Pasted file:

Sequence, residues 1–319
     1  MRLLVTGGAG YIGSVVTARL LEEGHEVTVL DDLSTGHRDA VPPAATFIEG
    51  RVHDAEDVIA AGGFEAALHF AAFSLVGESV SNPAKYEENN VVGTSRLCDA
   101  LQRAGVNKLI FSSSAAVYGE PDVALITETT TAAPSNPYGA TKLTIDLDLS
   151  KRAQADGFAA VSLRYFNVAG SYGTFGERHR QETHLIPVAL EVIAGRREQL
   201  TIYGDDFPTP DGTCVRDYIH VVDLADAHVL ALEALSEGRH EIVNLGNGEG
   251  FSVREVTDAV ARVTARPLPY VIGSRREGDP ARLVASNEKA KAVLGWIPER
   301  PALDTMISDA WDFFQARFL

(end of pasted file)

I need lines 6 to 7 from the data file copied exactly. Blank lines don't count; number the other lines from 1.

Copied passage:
   201  TIYGDDFPTP DGTCVRDYIH VVDLADAHVL ALEALSEGRH EIVNLGNGEG
   251  FSVREVTDAV ARVTARPLPY VIGSRREGDP ARLVASNEKA KAVLGWIPER